5 Things I Wish Someone Had Told Me In My 20s
Being 40-something can be pretty sweet. We're (typically) smarter, wiser, and often much better off financially than our 20-something counterparts.
Name: Bryan Krahn, BA, CSCS
Occupation: Trainer, online coach, and fitness writer.
Location: Calgary, Canada
Being 40-something can be pretty sweet. We're (typically) smarter, wiser, and often much better off financially than our 20-something counterparts. Plus, a touch of grey scruff—aka The George Clooney Effect—can certainly add to our sex appeal.
Still, let's not sugarcoat it too much. When it comes to bodybuilding, being over 40 kind of sucks.
The speed of muscle growth and rehabbing injuries just ain't the same. Body fat is harder to shed and seems to come back at an accelerated rate, and workouts that once left you pumped and feisty now leave you dazed and wandering through the parking lot for 20 minutes, looking for your car.
Not to mention the minor things: paying more attention to food choices and digestion. Making sleep a priority. Destressing. Taking quality supplements. The list goes on.
But if someone had told me these "smart" things the over-40 crew has to monitor more closely for progress when I was 25, I feel like I could be much farther ahead of the curve now in my 40s.
Listen up, whippersnappers. Pay heed to these five tricks of older and wiser bodybuilders that will turn 20-somethings into genetic freaks and 40-somethings into more efficient bodybuilding machines.
1 Eat Clean, Bro
IIFYM (If It Fits Your Macros) is probably the most important dieting sensation to hit mainstream bodybuilding in the last five years. It's helped literally thousands of borderline OCD lifters get past the psychological barrier that kept so many foods off limits, especially while dieting.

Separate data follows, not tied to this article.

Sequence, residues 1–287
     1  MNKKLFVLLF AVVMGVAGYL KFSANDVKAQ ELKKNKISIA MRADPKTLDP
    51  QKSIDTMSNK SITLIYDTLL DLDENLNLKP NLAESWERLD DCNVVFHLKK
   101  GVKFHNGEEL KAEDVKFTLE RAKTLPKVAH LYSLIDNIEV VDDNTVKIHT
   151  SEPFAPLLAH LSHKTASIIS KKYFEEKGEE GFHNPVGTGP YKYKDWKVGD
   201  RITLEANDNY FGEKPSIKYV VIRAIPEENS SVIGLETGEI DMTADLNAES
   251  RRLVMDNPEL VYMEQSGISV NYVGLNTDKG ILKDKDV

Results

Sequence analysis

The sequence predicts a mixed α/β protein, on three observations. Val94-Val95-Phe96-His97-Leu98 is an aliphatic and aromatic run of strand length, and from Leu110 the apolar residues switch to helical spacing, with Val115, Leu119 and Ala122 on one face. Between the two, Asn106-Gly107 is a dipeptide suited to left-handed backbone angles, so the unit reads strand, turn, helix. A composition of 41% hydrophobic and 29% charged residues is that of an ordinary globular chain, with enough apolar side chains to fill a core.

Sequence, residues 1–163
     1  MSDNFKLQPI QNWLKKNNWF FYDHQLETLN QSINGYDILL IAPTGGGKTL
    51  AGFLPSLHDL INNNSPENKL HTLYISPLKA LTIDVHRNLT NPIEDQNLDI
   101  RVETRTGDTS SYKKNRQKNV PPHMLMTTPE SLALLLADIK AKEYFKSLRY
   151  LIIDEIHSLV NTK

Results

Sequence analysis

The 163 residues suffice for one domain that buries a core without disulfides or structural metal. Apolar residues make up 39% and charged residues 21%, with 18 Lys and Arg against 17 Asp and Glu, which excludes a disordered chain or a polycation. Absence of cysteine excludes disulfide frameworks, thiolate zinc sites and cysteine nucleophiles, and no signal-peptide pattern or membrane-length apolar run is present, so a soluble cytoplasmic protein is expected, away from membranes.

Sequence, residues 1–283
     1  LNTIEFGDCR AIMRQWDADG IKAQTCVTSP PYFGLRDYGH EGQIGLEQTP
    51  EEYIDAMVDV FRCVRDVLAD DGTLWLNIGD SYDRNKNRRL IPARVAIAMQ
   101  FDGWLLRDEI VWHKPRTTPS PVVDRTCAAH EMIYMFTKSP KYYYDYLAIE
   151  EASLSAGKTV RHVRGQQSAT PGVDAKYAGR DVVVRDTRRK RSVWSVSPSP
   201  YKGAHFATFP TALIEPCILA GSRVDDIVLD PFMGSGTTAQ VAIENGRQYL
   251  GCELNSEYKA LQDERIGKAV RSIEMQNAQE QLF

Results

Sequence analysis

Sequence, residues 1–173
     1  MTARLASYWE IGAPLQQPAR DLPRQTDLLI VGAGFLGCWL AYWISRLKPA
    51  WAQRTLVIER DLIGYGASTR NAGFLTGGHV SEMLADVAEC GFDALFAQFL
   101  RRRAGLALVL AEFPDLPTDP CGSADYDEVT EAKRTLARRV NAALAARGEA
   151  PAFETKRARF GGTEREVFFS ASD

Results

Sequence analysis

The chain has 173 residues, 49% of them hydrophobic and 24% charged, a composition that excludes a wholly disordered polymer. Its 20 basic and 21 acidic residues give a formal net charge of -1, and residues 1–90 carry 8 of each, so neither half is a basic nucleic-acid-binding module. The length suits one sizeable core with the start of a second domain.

I'm a hardcore clean eater, and learning to embrace the freedom afforded by IIFYM has benefitted me, my family, and certainly my clients.
However, like all good things, some guys—especially young guys—take it too far. They build diets around far too many processed foods and not enough "clean" staples.
Now, that's no big deal at 22, but these foods don't do an aging body many favors. As you age, your efficiency at digesting food goes down, sometimes dramatically. You know you're in trouble when three slices of pizza now leaves you fumbling for antacids the next day.
What to do now: Build your meal plans around 80 percent clean (sorry, I like that word) bodybuilding foods in manageable portions. Eat at least one serving of veggies at most meals. Drink a lot of plain water. And get used to eating that way—you know, like a grownup bodybuilder—so it becomes your new normal. Of course, enjoy a little flexibility so you can still have a life.
What you'll get: You certainly don't need brown rice, boiled veggies, and chicken around-the-clock to build muscle. But if you aren't processing and eliminating foods efficiently, it isn't a massive leap to assume you aren't recuperating and rebuilding to the best of your potential either.
When the spoils are, at best, a couple pounds of new muscle a year, it's certainly wise to keep your inner machinery running smoothly.
2 Clean up your sleep
Young people enjoy deep, restful sleep; adults often struggle to get five quality hours per night. Is it youth that allows them to rest—or being rested that keeps them young? I'm not so sure anymore.
What I do know is that, when you're young, you can stay up late and get into trouble several nights in a row and still have great workouts. That simply won't happen later; your body won't let it. Not unless you call eating flapjacks in your sweatpants and watching ESPN a workout.
What to do now: Take rest as seriously as you take training. The best over-40 bodybuilders happen to also be the best sleepers. They do a bunch of little things—dim the lights at dusk, avoid caffeine after 4, sleep in a dark bedroom—and follow a regular schedule that helps facilitate deep, restful slumber.
All of this is way tougher than it sounds. I suggest you start seeing an early bedtime as a challenge—see if you can get to bed by 10 at least five nights a week.
What you'll get: Sleep is the most powerful natural recovery aid at your disposal. One bad night may not translate to missed pounds on the scale, but it can translate to a lousy workout and crappy eating patterns, which can snowball—and translate to missed pounds on the scale over time.
See what a week of an "early to bed, early to rise" lifestyle does for your focus, late afternoon energy, and especially your gym drive.
3 Practice Good Form
Most lifters have a "pop story." That time they went for a 405 bench and their shoulder went pop. Or they were doing shrugs, looked sideways to check out the cardio scenery, and suddenly their neck popped.